››› You can join Veterans For Peace and Iraq Veterans Against the War
Army Regulation 600-20 paragraph 5-2b authorizes soldiers, including national guard and reserve, to participate in local nonpartisan political activities. Both VFP and IVAW are local and do not participate in partisan political activities. As a non-profit, educational organization, neither VFP nor IVAW are allowed to campaign for or endorse political parties. But soldiers are not authorized to: (1) Wear a military uniform or use any government property. (2) Allow participation in VFP or IVAW to interfere with, or prejudice, military duties. (3) Imply that the Army has taken an official position on, or is otherwise involved in, the local political campaign or issue.
Want to know more about joining Veterans For Peace? Click here.
Want to know more about Iraq Veterans Against the War? Click here
Print out the GI Rights card: GI RIGHTS CARD
or call the GI Rights Hotline at: 877-447-4487 or 800-394-9544. Their web site is: www.girights.org. Stationed overseas? Overseas telephone numbers and contact information are available on their web site.
>>> You have the right to attend peaceful demonstrations on your time but not in uniform
This right is explained in Department of Defense (DoD) Directive 1325.6.
>>> You have the right to say & write (mostly) what you think
But there are some limits here. You can't call the President, Dick Cheney, Donald Rumsfeld, or other high government officials what article 88 of the UCMJ calls “contemptuous words” like “fascist,” “thief,” “murderer,” “tyrant,” “fool,” and “gangster.” You can, subject to these and other limitations, write, publish, and distribute things like newspapers, leaflets, and web pages. It all has to be while you're off duty and without using military paper, ink, computers, phones, or other supplies or equipment. See Army Regulation 600-20 Appendix B for further explanation.
>>> Print out the GI Rights card: GI Know Your Rights card or call the GI Rights Hotline at: 877-447-4487 or 800-394-9544. Their web site is: www.girights.org. Stationed overseas? Overseas telephone numbers and contact information are available
on their web site here.
>>> When your command ignores the rules
You don't have to be in the military long to find out that commands sometimes ignore the rules. There are several ways to challenge this sort of thing. Let your fellow troops know the deal. Keeping quiet and hoping your chain of command will listen to reason usually doesn't work. They have their ways to mess with soldiers-informal harassment from superiors, poor performance evaluations, bad recommendations, and bogus disciplinary charges. But you can find ways to mess with them too. We don't have to tell you how. But let your comrades know your situation. Show your friends that you don't deserve the bad treatment and that your protest activities were the real reason the command developed an attitude and took action against you. Form a network of support around you for whatever actions you take.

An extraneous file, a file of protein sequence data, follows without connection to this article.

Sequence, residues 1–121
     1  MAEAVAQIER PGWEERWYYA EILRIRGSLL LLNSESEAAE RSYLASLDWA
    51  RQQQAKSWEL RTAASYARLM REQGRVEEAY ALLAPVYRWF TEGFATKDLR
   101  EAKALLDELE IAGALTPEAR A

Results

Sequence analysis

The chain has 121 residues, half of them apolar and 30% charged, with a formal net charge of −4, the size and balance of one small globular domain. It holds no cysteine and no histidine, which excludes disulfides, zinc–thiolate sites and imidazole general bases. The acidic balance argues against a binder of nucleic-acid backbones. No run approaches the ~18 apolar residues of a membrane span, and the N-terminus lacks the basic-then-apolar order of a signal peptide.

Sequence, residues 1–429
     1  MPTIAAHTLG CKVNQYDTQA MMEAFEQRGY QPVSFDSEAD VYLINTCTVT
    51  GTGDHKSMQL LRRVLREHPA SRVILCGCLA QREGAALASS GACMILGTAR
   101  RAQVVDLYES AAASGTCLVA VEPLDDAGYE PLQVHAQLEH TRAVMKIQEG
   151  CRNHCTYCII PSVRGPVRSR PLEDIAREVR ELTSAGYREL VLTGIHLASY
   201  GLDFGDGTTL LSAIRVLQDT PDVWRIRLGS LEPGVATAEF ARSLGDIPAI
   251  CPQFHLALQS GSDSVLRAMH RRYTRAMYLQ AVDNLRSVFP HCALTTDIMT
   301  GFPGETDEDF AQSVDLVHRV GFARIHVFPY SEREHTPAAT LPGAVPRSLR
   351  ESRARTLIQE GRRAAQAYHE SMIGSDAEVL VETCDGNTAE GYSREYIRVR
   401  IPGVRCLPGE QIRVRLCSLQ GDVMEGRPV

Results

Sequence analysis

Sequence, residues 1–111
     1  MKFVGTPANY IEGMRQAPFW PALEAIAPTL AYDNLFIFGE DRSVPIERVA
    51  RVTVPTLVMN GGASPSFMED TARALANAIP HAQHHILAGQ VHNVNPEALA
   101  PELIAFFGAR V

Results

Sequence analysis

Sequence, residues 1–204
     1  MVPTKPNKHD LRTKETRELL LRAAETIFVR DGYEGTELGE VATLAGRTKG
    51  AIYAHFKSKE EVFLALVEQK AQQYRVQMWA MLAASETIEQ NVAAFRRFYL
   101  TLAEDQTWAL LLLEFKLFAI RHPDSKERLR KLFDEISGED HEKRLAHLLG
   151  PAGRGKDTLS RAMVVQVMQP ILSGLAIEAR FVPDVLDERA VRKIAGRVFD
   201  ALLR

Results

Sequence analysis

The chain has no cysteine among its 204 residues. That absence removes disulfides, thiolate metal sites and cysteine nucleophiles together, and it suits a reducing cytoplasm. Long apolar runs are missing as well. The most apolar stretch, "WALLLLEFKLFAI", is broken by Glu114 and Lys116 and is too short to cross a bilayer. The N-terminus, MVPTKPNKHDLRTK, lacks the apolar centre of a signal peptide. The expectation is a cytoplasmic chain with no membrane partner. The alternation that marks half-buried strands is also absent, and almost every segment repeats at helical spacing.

The other thing you can do is get support from organizations like Veterans for Peace, IVAW, Military Families Speak Out. Make use of the GI Rights card and the GI Rights Hotline shown above. They're there to help. It always helps to have organizations that can mobilize people or media to back you up.
Finally, you can complain through the IG, the chain of command, or get some legal assistance through a military counselor and/or an attorney who's familiar with military law. The National Lawyers Guild Military Law Task Force is a great resource, offering assistance with discharge upgrades, AWOL information, sexual harassment complaints and a variety of other services for military personnel on a free or low cost basis.
And last but not least, DOCUMENT! document! document! Be sure to document the Who, What, When, Where and Why. You are dealing with your life and your career in these matters! That's why it is so vitally important to your case that you make a record of and document your attempts to have your voice heard.
>>> Use it or lose it
Some advance preparation is the best way to use these rights; knowledge is power. And using your rights is important for you, for others caught in a bad war, and for all of us.
>>> For more on GI rights
Print out and carry the GI Rights card: GI RIGHTS CARD or call the GI Rights Hotline at: 877-447-4487 or 800-394-9544. Their web site is: www.girights.org. Stationed overseas? Overseas telephone numbers and contact information are also available on their web site.